Thu, 10 Mar 2005

Mitsubishi Grandis offers (more) affordable luxury MPV

Novan Iman Santosa, The Jakarta Post, Jakarta

Indonesia is known, at least in Southeast Asia, as a lucrative market for multipurpose vehicles (MPVs), from the most basic models to the most expensive and deluxe.

Eager to grab a piece of this sweet pie, Japanese carmaker Mitsubishi introduced on Feb. 23 its Grandis MPV, through local partner PT Krama Yudha Tiga Berlian Motors (KTB).

This new MPV is powered by an inline, four-cylinder, 16-valve, 2,378 cc engine. The engine makes use of Mitsubishi's innovative valve timing and lift electronic control system (MIVEC), which is more fuel efficient and environmentally friendly.

The engine unleashes 165 horsepower (hp) of maximum power at 6,000 revolutions per minute (rpm), and a top torque of 216 Newton meters (Nm) at 4,000 rpm.

The Grandis has four-speed automatic transmission with the intelligent and innovative vehicle electronic control system (INVECS), plus adaptive shift control.

The Mitsubishi Grandis, first introduced here at the Jakarta Motor Show last September, sells for Rp 292 million (US$31,300), or about two-thirds the price of its closest competitor, the Honda Odyssey, which it tagged at Rp 428 million.

No wonder. The Honda Odyssey has to make the long journey from Japan, while the Mitsubishi Grandis is assembled in the "neighborhood" in Thailand, taking advantage of the ASEAN Free Trade Agreement.

PT KTB advertising and promotion manager David K Supangkat said Mitsubishi "had found a way to lower the price without compromising the quality" of the Mitsubishi Grandis.

The Grandis has numerous features not found in other vehicles. It has leather seats, a four-spoke, leather-wrapped steering wheel and armrests for driver and front passengers.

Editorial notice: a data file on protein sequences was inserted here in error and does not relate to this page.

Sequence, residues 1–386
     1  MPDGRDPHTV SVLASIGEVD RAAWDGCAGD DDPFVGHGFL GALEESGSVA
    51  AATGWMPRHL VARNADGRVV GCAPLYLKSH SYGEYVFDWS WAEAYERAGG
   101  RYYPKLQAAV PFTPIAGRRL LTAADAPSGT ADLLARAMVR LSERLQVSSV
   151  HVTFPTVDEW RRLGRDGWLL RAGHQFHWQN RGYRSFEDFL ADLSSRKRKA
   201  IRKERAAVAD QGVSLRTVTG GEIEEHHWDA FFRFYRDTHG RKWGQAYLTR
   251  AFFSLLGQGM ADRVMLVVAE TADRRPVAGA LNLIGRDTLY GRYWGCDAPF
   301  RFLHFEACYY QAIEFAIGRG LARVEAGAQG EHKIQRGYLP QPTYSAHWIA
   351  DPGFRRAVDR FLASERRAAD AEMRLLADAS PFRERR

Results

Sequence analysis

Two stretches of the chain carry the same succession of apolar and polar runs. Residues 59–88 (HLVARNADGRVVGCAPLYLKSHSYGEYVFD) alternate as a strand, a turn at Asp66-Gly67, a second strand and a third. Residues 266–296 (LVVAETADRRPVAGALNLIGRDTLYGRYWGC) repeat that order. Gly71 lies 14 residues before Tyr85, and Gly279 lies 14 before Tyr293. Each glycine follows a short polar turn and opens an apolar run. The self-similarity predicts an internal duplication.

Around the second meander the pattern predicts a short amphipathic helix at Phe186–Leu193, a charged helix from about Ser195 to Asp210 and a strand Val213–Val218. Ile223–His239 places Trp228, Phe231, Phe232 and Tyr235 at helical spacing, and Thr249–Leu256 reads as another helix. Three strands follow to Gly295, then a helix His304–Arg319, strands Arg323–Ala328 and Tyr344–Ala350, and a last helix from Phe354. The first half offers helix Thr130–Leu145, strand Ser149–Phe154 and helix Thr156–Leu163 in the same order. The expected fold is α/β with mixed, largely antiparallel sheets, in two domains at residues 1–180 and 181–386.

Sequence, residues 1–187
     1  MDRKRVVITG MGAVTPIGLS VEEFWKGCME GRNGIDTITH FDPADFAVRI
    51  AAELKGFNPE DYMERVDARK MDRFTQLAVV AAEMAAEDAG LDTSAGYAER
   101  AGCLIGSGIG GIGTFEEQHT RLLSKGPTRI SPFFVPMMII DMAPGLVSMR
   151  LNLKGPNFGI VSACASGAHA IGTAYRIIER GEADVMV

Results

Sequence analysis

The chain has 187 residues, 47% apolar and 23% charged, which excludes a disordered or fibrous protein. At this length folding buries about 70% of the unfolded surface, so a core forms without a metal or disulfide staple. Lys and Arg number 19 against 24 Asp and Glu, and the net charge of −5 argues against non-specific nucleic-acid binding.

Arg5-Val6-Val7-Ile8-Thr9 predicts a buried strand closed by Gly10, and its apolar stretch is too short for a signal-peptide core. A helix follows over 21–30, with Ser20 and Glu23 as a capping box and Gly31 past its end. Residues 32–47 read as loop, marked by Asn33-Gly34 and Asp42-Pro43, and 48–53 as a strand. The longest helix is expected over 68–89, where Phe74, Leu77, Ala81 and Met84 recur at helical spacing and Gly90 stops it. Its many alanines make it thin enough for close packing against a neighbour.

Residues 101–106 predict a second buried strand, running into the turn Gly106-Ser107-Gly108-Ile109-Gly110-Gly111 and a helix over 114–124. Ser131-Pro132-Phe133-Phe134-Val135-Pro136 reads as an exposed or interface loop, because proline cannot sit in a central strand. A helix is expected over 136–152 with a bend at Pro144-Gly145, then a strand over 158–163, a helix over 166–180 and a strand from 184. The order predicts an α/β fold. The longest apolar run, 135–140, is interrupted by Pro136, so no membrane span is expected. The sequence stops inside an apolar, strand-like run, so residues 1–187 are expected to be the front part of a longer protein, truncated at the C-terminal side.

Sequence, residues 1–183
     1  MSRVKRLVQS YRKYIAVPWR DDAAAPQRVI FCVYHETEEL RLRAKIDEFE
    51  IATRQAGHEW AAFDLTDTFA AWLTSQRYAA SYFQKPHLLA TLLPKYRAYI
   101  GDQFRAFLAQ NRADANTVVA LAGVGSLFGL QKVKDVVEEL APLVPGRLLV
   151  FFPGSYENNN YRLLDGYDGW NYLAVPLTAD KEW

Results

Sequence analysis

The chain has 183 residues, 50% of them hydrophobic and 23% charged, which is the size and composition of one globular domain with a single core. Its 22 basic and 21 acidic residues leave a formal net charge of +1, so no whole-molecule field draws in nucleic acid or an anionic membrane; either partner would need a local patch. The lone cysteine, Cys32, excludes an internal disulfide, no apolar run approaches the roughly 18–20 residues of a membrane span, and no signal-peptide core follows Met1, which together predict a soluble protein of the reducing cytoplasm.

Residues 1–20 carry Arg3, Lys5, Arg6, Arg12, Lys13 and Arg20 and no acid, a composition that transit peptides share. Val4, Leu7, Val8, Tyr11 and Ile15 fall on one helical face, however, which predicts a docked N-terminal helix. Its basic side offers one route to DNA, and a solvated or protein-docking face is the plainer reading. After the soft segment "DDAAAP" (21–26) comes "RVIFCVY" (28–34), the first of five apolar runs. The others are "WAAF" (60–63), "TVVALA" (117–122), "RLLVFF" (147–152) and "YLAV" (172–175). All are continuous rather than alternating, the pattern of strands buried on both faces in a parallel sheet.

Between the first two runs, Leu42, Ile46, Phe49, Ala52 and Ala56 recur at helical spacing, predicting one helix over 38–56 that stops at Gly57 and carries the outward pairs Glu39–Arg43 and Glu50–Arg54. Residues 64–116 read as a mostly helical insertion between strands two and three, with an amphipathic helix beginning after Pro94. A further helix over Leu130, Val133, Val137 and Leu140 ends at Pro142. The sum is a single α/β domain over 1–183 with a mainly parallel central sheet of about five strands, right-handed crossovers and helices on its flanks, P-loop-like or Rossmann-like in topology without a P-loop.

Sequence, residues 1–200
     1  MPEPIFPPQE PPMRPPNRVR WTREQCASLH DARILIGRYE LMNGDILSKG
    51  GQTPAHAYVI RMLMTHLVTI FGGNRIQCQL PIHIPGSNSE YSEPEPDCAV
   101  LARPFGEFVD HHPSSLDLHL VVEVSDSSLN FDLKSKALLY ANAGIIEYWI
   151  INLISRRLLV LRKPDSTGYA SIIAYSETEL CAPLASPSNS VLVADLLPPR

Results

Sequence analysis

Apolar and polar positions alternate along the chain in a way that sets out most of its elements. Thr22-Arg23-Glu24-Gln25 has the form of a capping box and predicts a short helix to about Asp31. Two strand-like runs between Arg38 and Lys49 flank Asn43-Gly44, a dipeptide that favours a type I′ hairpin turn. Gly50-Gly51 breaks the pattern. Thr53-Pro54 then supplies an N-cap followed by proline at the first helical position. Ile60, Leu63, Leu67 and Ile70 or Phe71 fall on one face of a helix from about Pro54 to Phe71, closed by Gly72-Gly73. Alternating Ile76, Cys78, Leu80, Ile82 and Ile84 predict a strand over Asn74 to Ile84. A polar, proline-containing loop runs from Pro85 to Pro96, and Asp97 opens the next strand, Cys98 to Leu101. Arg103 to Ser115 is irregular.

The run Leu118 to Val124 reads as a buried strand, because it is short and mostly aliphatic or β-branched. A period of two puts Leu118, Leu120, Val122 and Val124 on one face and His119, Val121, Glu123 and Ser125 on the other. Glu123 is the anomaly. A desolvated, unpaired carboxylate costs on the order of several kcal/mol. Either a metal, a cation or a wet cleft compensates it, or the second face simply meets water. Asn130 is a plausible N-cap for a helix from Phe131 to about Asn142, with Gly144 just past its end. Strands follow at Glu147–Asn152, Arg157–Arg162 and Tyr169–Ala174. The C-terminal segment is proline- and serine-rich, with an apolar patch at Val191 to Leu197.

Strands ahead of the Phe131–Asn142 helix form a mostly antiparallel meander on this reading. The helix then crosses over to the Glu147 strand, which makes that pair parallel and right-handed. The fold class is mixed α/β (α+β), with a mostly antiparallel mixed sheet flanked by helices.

The curvy, minimalist dashboard design does not distract the eye, while the gate-type transmission lever is easily reached.

The seven-seater Mitsubishi Grandis has a number of seat configurations, allowing you to adjust the seats according to your needs.

One of the configurations allows the third-row seats to be turned to face the rear when the tail door is opened.

In other configurations, you can recline the center and rear seats, or join the front and center seats for a spacious resting position. These configurations can be useful when you are trapped in a traffic jam, especially during the notorious mudik season.

Other configurations allow you to carry more cargo by individually stowing the rear seats. Still need more room? Just fold down the center seats.

The Mitsubishi Grandis is equipped with anti-lock braking system (ABS), electronic braking-force distribution (EBD) and brake assist (BA) as standard features.

It also comes with supplemental restraining system (SRS) air bags for driver and front passengers, and emergency locking retractor (ELR) seat belts. The seat belts also comes in automatic locking retractor (ALR) mode for a child seat.

Mitsubishi Grandis received a four-star rating from the European New Car Assessment Program for its reinforced impact safety evolution body design, which employs straight frames to effectively absorb and release energy during impact.

To increase driving safety, there are turn signals in rear door, making them readily seen by other motorists as well as pedestrians. Another unique safety feature is the use of light emitting diodes for the rear lamps.

Interested customers can choose from four color options of flop blue, fuji purple, pyreness black and warm silver.

They, however, will have to wait for their vehicle as there is already a backorder of about 650 units, David said.

"Indonesia has been given a monthly quota of 150 units but we have requested more vehicles.

"This, however, will depend on the performance of Mitsubishi's plant in Thailand."